One of the most essential functions of an image editor is to let you move sections of your image around. Since it’s such a common operation, there are quite a few different ways that you can make a selection and move it around your image until you get it just right.
The simplest way to move a selection in GIMP starts, unsurprisingly, with making your selection using any of the selection tools. These instructions work with all selection tools in GIMP, so feel free to experiment with different combinations. For bonus points, try using the Selection Editor!
If you want to adjust your selection area, you can tweak it using the handles, or combine it with another selection. Holding down the Shift key while drawing a new selection will add to your existing selection, and holding down the Ctrl key will subtract from it.
Once you’ve got it just right, the next step is to turn your selection into something GIMP calls a ‘floating selection’. The fastest way to do this is to hold down the Ctrl and Alt keys (Cmd and Option on a Mac) and simply click and drag with your mouse to move the area you’ve selected.
If you’re not quite ready to move your selection, or you don’t want to move it with your mouse, you can also turn it into a floating selection by opening the Select menu and choosing Float, or the keyboard shortcut Ctrl + Shift + L (use Cmd + Shift + L on macOS).
Once you’ve gotten your selection repositioned the way you want, you’ll need to anchor the floating selection by opening the Layer menu and choosing Anchor Layer, or with the keyboard shortcut Ctrl + H (Cmd + H on a Mac – there almost seems to be a pattern developing here 😉 )
That’s the most basic method of moving a selection in GIMP, but like I said earlier that there were quite a few ways, and you’ll need to use them all if you want to sharpen your skills for more advanced image editing projects.
Using Floating Selections
Once you turn your selection into a floating selection, you’ll probably notice that the layers menu adds a temporary new layer titled ‘Floating Selection (Floated Layer)’. Floated layers are GIMP’s way of letting you focus on your selection, and new edits apply only to the floated layer.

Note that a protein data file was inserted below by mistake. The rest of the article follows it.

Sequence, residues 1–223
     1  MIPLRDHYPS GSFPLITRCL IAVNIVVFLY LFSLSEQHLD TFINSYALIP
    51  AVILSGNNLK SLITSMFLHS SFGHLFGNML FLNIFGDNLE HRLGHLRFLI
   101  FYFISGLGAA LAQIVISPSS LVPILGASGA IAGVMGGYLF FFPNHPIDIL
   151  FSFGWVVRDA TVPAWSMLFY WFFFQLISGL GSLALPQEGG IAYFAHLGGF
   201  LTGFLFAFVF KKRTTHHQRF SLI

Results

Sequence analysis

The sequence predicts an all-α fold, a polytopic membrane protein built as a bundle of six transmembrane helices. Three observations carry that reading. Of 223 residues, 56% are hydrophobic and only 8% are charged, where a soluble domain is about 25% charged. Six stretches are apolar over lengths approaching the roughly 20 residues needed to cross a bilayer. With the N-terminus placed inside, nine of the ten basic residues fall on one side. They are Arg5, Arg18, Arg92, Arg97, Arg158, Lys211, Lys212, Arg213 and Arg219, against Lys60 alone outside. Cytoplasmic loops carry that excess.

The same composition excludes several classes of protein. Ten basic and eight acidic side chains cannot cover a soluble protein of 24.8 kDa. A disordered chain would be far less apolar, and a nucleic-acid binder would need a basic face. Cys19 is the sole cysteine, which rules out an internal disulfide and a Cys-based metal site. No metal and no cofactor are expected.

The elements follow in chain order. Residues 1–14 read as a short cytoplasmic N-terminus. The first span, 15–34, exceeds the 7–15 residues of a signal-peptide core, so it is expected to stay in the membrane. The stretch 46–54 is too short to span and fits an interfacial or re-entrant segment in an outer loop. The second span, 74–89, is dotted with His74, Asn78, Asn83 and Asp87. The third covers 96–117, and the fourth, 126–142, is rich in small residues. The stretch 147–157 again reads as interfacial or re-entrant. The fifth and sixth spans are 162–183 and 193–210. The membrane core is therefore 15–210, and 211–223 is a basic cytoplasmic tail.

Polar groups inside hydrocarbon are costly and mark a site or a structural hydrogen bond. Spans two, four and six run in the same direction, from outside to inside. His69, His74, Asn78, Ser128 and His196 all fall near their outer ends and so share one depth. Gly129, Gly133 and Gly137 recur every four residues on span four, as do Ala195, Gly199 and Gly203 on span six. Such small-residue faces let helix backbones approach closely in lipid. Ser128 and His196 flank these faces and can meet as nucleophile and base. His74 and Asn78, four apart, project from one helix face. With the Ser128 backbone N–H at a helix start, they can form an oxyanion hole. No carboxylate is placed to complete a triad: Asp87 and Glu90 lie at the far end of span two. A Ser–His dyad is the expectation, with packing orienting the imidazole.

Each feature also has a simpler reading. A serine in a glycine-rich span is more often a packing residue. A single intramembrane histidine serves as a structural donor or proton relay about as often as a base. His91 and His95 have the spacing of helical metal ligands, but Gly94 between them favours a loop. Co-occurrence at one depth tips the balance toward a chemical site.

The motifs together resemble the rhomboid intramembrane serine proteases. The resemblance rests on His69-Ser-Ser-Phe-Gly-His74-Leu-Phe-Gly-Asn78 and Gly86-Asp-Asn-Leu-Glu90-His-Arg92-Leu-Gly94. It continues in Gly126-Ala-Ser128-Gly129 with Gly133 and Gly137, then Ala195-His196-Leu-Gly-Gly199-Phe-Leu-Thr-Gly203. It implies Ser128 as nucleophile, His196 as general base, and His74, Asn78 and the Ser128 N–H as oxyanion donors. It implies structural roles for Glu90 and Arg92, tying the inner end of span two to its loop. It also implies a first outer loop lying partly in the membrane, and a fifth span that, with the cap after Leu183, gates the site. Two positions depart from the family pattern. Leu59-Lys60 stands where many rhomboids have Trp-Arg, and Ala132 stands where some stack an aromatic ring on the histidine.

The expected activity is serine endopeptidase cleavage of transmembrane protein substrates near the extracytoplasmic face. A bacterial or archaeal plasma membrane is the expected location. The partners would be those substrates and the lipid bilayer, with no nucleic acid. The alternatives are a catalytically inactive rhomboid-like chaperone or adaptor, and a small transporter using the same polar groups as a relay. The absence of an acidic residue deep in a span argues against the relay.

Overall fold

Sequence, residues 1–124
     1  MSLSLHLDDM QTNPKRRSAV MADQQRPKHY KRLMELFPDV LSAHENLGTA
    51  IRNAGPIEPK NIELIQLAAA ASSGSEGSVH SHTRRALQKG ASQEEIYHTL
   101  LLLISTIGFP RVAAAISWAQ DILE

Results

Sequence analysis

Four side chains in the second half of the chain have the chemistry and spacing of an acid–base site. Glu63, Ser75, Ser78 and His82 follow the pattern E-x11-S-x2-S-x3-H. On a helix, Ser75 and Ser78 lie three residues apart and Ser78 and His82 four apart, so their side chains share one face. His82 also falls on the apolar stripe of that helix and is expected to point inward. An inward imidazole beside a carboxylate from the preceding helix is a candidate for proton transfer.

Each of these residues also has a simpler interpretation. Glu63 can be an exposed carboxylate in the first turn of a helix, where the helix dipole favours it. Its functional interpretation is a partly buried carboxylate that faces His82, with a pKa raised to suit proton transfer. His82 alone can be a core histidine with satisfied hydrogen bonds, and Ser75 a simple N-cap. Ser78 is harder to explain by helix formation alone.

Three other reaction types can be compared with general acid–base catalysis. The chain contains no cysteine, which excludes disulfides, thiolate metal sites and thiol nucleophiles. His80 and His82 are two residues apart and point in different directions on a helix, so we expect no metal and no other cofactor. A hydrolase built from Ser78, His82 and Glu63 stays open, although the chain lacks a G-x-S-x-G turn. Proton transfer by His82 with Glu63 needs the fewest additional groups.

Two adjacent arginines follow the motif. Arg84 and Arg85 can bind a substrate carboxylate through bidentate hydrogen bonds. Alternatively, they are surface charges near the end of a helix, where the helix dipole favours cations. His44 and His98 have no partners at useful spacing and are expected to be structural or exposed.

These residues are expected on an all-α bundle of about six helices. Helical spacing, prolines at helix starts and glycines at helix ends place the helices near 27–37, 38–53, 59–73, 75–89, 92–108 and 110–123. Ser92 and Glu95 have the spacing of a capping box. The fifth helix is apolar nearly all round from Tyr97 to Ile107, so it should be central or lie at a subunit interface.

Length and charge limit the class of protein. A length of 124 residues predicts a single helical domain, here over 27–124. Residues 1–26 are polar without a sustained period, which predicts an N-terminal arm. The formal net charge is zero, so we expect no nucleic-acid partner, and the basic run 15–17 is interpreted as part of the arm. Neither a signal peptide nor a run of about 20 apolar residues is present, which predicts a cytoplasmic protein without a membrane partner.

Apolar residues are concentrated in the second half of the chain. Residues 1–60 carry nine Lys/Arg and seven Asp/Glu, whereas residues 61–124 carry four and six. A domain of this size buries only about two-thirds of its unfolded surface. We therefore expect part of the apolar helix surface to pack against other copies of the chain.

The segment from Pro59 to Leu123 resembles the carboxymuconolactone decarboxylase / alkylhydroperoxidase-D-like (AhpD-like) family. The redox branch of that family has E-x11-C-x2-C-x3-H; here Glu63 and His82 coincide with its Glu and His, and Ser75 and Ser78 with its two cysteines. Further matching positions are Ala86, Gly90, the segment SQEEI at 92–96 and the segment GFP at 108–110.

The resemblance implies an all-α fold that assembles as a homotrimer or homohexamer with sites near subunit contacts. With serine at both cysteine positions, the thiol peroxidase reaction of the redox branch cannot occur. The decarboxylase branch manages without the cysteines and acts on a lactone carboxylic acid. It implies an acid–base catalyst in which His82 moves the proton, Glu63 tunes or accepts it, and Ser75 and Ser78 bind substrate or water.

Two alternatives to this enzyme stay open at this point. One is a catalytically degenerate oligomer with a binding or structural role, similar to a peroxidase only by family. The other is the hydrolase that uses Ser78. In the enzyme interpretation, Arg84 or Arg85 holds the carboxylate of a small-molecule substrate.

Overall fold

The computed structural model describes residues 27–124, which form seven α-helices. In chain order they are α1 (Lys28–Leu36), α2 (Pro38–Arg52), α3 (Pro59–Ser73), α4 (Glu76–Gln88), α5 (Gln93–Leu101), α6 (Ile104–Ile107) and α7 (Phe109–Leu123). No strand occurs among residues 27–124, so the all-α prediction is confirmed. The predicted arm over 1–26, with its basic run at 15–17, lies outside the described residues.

You can create a new layer using your floating selection using the green new layer button in the bottom left of the Layers palette, anchor your floating selection to resume editing the whole image, or delete your floating selection (which also deletes the selection contents).
Personally, I find this workflow a bit limited, but it can be handy if you’re just making a single change and you want to finish up as quickly as possible. It makes much more sense to me to separate your selection to a new layer permanently, but I’ll explain that in more detail later on.
What About the Move Tool?
Despite the fact that GIMP has a Move tool, you can only use it to move your selection once you’ve already floated it. If you try to use it before that, you’ll simply move your selection area instead of the actual contents, or you’ll move the entire image, depending on the Move tool mode.
If you’re finding the Move tool isn’t letting you move your selection, there’s a couple of options located in the tool palette that might help.
Make sure that you’re set to use the Layer mode, the first icon of the three, or else GIMP might simply insist that you don’t have a selection available to move. Of course, if you just want to move your selection and not the contents, you can use the Selection mode.
Moving Your Selection Precisely
If you’re working on a precision project, sometimes it’s necessary to move a selection by a specific number of pixels. Trying to do this by hand with your mouse is extremely tedious, but there is a much better way to define just how far your selection will move: the 3D Transform tool.
Turn your selection into a floating selection using one of the methods you just learned. Open the Tools menu, then choose the Transform Tools submenu, and finally 3D Transform. You’ll also see the keyboard shortcut is Shift + W (for once, it’s the same on Mac)
Typically this tool is used for precise 3D distortions of your selection, but you can use it to move your selections with pixel-level accuracy. Make sure that you’re in Offset mode and not Angle or Vanishing Point, and then stick to editing the X and Y settings.
To move your selection 25 pixels to the right and 40 pixels up, you’d enter 25 in the X box and -40 in the Y box. Moving right or down uses positive numbers, while left and up use negative numbers. It might take a bit to get used to thinking about it this way, but practice makes perfect!
Using Pixel Layers
It’s important to remember that you don’t have to use the floating selection method if you don’t want to. It’s quite not as fast as floating selections, but you can use layers and masks to keep individual sections of your image separate for maximum control during complex edits.
As part of my workflow, I prefer to cut or copy the selection I’ve made and then paste it into a new layer. This allows for a lot more flexibility further along in the editing process and also lets you be certain you can select the exact same pixels again later by selecting the whole dedicated layer.
GIMP also lets you recreate this functionality a bit more slowly using floated layers. If you’ve got your selection already made and floated, you can simply turn it into a new pixel layer by pressing the green new layer button in the bottom left of the Layers palette with your floated layer selected.About Thomas Boldt